If the "we" you refer to created an IT for your parents, and you were the signers and your parents are the beneficiaries, then the "we" can amend it, subject to limitations on amendments to ITs.

But I stand by my recommendation that this is a job for an attorney, and that includes proper execution by all parties.

If your parents created the IT, and unless the "we" includes your parents, no one else can amend it, unless there are specific provisions in the IT, and I rather doubt that because typically that's not the situation. Doing so jeopardizes not only your interest, but the intent of the IT as well as its implementation.

I seriously am concerned about the implications of this, for you as well as your parents.
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I assume the amendment is being handled by an attorney? If not, you would be wise and safer to do so. Irrevocable trusts are complicated; there are strict standards for amendments.

And while I might rough out an amendment for a Living Trust, I would never consider implementing it on my own; my attorney will handle that, all the way through execution.

Who are the 2 people who live out of state? Are they trustees or successor trustees? Were they witnesses to the original IT?

This is one reason why an attorney should be involved, to coordinate the execution. Although I've worked in this field, I've never worked on an IT Amendment. But as to contracts, this is what could be done.

Individual signature pages (with acknowledgments for a notary) could be sent to each individual for execution, witnessing and notarizing. These pages are assembled all together with the Amendment after execution, with enough executed copies to create "conformed copies".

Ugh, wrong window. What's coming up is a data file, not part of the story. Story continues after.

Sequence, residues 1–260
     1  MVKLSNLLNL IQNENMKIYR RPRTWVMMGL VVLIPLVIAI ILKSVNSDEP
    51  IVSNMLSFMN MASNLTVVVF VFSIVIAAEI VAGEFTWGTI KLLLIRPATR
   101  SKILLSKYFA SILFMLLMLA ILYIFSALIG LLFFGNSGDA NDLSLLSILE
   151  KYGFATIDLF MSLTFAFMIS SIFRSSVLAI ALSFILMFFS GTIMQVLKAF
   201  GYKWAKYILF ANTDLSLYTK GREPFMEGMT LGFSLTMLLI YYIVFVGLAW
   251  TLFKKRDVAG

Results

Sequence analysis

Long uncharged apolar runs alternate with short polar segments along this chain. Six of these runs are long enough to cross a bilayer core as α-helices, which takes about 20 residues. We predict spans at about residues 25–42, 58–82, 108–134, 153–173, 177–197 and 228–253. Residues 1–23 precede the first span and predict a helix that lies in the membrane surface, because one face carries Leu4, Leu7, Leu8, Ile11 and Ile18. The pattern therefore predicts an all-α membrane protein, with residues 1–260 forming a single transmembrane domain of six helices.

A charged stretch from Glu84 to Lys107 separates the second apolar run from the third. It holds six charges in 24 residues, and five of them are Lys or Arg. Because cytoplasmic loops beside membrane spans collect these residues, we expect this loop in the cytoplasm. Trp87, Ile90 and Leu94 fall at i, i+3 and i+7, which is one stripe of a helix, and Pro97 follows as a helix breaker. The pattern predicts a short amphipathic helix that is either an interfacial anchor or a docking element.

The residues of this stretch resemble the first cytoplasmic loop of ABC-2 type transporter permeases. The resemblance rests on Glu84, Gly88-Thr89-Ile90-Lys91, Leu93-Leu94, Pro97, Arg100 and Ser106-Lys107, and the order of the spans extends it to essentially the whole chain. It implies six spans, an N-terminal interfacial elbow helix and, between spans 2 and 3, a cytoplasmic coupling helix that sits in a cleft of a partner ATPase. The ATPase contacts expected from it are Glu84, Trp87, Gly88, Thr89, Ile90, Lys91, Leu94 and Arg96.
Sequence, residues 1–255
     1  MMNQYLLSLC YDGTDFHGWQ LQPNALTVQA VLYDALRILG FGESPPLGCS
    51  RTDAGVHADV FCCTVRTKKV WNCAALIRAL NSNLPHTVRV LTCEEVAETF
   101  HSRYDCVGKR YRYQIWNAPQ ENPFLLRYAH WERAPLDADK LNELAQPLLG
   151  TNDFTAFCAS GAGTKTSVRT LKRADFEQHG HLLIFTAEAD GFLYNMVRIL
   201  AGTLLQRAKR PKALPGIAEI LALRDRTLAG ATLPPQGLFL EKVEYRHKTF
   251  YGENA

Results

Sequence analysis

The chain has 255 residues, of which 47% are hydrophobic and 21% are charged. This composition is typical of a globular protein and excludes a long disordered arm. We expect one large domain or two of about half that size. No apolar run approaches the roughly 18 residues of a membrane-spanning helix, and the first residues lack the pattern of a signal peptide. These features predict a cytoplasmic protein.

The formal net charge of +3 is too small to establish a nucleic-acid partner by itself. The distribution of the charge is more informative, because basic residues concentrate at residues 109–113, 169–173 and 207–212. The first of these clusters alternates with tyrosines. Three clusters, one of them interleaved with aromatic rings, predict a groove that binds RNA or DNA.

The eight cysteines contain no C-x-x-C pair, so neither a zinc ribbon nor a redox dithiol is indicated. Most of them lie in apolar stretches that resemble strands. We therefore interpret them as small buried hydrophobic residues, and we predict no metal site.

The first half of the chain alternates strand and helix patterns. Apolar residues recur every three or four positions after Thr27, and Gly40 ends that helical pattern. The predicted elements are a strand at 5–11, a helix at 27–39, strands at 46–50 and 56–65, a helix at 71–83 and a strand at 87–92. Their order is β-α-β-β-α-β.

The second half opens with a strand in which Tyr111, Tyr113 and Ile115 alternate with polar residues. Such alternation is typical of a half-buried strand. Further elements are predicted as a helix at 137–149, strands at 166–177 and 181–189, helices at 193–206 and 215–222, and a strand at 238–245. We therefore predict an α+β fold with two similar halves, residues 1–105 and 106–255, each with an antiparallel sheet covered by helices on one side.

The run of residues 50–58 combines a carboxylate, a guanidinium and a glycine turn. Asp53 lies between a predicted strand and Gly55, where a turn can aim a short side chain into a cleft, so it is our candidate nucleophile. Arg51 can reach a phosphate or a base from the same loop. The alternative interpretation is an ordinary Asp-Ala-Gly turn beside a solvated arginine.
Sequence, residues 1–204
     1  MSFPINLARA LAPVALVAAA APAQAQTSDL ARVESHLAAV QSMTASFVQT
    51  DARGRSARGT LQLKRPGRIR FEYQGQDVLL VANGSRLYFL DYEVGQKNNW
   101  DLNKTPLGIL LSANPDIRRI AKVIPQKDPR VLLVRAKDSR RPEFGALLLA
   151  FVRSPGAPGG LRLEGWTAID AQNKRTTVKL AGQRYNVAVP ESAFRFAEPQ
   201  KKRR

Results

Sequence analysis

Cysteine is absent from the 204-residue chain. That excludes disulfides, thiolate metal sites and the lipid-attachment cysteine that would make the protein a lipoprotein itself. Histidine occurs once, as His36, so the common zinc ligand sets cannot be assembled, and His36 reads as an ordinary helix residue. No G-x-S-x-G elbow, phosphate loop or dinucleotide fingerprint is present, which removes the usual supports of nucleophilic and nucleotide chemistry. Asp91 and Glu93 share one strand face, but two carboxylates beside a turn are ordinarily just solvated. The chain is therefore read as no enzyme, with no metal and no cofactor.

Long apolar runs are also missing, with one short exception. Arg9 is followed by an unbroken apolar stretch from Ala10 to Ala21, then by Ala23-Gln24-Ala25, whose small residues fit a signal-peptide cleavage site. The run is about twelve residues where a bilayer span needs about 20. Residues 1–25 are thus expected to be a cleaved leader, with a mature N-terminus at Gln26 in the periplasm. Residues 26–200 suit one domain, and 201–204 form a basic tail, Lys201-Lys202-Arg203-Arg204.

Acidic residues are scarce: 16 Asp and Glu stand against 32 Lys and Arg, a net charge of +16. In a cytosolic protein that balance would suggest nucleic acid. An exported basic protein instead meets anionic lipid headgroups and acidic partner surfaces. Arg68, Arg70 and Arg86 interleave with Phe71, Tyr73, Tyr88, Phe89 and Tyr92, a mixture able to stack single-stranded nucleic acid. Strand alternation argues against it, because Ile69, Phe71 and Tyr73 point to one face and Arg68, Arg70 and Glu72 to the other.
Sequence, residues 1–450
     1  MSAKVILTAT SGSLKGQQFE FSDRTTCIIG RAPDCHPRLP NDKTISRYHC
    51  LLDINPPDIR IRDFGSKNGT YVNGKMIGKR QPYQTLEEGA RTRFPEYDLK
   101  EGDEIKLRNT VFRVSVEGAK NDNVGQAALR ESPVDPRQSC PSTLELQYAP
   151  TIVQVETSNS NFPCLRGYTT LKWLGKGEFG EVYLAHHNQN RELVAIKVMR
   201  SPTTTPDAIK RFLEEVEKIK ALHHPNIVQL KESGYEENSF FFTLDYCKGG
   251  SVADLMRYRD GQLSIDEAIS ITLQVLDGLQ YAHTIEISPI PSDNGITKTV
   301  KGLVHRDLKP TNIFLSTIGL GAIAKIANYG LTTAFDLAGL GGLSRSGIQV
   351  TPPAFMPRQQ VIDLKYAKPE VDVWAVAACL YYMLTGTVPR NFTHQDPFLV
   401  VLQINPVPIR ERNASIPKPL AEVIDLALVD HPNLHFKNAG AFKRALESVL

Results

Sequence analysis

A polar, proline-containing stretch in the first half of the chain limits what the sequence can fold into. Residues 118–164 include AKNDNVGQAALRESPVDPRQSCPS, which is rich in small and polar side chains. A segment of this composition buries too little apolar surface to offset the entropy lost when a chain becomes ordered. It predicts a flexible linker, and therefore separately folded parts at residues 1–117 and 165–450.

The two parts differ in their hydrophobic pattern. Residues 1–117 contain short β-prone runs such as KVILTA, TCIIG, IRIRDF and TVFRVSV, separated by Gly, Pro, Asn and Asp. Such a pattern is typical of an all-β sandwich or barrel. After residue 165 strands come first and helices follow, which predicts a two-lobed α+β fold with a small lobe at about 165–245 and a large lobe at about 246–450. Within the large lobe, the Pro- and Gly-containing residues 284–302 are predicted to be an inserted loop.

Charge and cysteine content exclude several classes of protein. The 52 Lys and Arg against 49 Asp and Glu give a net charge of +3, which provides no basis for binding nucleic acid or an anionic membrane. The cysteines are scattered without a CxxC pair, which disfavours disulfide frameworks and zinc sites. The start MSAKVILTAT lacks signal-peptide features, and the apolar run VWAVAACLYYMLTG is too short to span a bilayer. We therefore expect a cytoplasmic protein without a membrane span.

Another alternative which I wouldn't particularly find comforting is electronic execution. We've used this for corporate documents; parties execute their portion of the document, notaries witness and notarize, and the pages are either scanned in and emailed back or faxed back.

But these were contracts of a much different nature than an IT, which also has different signature requirements.

Really, I think the attorney who drafted the Amendment should handle this. If you do, and you're named in any capacity in the IT, there could easily be challenges raised that you played an inappropriate role, and perhaps exerted collusion. And that could jeopardize implementation of the IT amendments. In addition, good estate planning attorneys are current on tax and other legal changes and know how to factor them into IT documentation.

I'm surprised that your attorney wouldn't have insisted on this anyway.

Actually, I'm also very concerned about your first two statements, that "...We made an amendment to an irrevocable trust for my parents. We now need to have the document signed & notarized..." Who is "we? Are you the original settlors, the individuals who created the trust? If not, why are you creating an amendment?

Actually, if you didn't create the Trust, I don't believe you have any authority to amend it or create an amendment, even if your parents would sign it. Only the individuals who created the trust can amend it (unless laws have changed since I worked in this field.)

Could you explain this situation more, please?